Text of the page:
A Short Framework For Investing Your Own Money
A Short Framework For Investing Your Own Money
Firstly, crises are not as rare as you may think. Secondly, you need to have realistic expectations from your share investments. Thirdly, there are always opportunities - a brief case study.
This is a speech given to audience titled:
‘A short framework for investing your own money’
In the next 10 minutes or so, I shall try to provide you with a framework for investing your own money.
I will cover three topics ever so briefly:
- Firstly, crises are not as rare as you may think.
- Secondly, you need to have realistic expectations from your share investments.
- Thirdly, there are always opportunities - a brief case study.
With all the noise we get from the media, it is very easy to believe that we're facing one of the worst crises ever. It certainly won't be a walk in the park with government’s overspending and creating money, but it is important to go back in history to realise that the system eventually sorts itself out
- In fact, the
economy is littered with a large number of financial crises starting with the railway building manias in the early 1800s as the country exp US anded West, to the well-known contraction of the great depression of 1929-1933. In those 3.5 years, the economy contracted by close to 30% andprices fell by about a quarter. The same sort of pattern has been evident elsewhere andthe workout tends to follow a saw-tooth type of recovery with lots of concern throughout!
Time doesn't permit me to elaborate but it is highly likely that these damaged economies will gradually be brought back onto an even keel principally achieved by the debasement of money. This process of sharing the burden is not attractive
- A more interesting observation is that for all the turmoil, the trend in the last 110 years has been for real earnings to grow by 2% per annum. This single figure hides huge swings
andeven includes periods when earnings did not grow! More interesting still, is that even in periods were earnings have oscillated in a wide b andbut with no upward tendency, real returns from shares have been quite positive. Over this 110 year period, real returns from shares have been considerably higher than real earnings growth andhave averaged 6% a year; in money terms, this was 9.2% a year in the case of the stock market. In the first half of that period, returns were quite modest at around 3.5% real return but a full 9% real return in the second half because earnings were treated as more certain US andshares were re-valued upwards. By contrast, over this long period bonds gave one a 2.1% real return andcash about a 1% real return.
Now this is important; of the 9.2% total return from shares over this 110 year period, nearly half came from the receipt of dividends.
The message from this section is that real earnings growth is much lower than many people believe
- I have sped through these first two points because the most important message I wish to convey is that the market always provides us with opportunities; come inflation, deflation, economic expansion or contraction, the behaviour of the crowds invariably results in imperfect pricing. At Platinum we try to exploit these by following two simple ideas.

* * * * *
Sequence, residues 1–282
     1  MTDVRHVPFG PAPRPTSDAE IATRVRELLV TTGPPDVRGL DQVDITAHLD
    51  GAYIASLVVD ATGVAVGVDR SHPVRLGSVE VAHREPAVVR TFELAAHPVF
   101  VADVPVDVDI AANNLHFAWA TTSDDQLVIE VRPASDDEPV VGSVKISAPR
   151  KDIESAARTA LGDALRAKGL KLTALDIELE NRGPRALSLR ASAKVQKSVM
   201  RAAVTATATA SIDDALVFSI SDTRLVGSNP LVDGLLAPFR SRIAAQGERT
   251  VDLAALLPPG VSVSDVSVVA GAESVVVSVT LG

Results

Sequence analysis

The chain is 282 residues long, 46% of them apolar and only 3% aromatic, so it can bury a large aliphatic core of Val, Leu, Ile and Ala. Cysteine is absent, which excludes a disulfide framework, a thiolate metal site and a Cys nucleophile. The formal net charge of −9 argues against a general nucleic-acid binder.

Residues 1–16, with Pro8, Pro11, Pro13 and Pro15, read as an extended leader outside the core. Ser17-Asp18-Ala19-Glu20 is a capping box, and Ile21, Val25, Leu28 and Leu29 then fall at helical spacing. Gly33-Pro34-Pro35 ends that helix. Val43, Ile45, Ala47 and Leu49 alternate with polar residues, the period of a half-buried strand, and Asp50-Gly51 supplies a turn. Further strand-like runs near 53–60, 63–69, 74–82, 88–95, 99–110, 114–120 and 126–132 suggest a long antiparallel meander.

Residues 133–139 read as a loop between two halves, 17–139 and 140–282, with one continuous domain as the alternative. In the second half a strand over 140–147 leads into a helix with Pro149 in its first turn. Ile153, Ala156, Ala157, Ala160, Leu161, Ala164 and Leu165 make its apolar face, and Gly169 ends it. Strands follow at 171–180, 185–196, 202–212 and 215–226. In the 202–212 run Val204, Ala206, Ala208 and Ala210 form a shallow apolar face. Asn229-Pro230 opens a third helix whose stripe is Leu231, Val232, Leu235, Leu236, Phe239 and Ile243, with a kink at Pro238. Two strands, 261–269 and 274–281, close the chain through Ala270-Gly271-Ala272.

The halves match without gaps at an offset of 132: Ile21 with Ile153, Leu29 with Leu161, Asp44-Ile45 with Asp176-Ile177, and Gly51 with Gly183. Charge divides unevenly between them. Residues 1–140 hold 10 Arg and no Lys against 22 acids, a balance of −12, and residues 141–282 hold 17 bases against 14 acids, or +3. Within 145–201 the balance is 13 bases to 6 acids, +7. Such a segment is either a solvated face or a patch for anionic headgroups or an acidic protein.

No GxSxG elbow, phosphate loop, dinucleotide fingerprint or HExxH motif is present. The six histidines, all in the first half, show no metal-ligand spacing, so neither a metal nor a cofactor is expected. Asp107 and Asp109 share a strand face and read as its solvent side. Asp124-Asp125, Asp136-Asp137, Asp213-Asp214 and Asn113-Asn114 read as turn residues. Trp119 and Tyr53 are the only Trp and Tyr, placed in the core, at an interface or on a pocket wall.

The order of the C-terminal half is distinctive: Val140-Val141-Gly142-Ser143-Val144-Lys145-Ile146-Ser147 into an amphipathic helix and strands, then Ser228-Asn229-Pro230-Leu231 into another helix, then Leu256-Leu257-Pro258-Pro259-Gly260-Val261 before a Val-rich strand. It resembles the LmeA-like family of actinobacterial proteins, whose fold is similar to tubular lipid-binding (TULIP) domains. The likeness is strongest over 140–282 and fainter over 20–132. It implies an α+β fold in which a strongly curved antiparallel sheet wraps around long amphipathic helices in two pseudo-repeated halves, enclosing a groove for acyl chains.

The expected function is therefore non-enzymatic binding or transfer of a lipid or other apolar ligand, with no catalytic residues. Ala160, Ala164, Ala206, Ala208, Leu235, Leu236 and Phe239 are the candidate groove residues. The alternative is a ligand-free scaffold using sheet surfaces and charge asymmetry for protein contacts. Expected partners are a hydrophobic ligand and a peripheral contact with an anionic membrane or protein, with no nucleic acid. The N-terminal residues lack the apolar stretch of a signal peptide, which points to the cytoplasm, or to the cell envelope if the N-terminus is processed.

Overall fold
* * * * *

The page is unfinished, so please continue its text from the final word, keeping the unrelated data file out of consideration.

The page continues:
Firstly, that the crowds tend to overemphasise the recent event,
Secondly; there is a natural predisposition towards extrapolating the present situation far into the future.
Before giving examples of this, I would like to deliver a couple of key bullet points.
1. The valuation of shares you propose to buy is critical; if you pay too much for a share you’re unlikely to make much money.
2. When assessing the price, it is essential to think about the sustainability of earnings
3. Be clear about the risks you are exposing your money to. This can be broken down into many categories; economic, financial, political, business type etc. For example, has your success herded you into an increasing exposure to Chinese dependent growth stories i.e. resource stocks. We saw at the turn of this century how excess exposure to tech stocks
Think carefully about the business you are buying. We have a preference for companies that can control their destiny, set their prices independently of their competitors because of their market position
4. Be patient
5. It is important to realise that the stock market owes you nothing. It is simply offering you a smorgasbord of opportunities; some are cheap
We have made some good money on individual stocks during this crisis period by ignoring the noise. Into the teeth of the European crisis in the middle of last year, we bought a company that was highly sensitive to economic activity. We were driven principally by considerations of value
There have been several other opportunities coming out of this crisis in Europe which have been very profitable for us including a company by the name of Amadeus which is listed on the Spanish exchange
These war stories are not meant to convey our proficiency but to highlight the fact that in the teeth of a gale, opportunities arise. Hold your poise, do your work, remain independent in thoughts
DISCLAIMER: The above information is commentary only (i.e. our general thoughts). It is not intended to be, nor should it be construed as, investment advice. To the extent permitted by law, no liability is accepted for any loss or damage as a result of any reliance on this information. Before making any investment decision you need to consider (with your financial adviser) your particular investment needs, objectives and circumstances.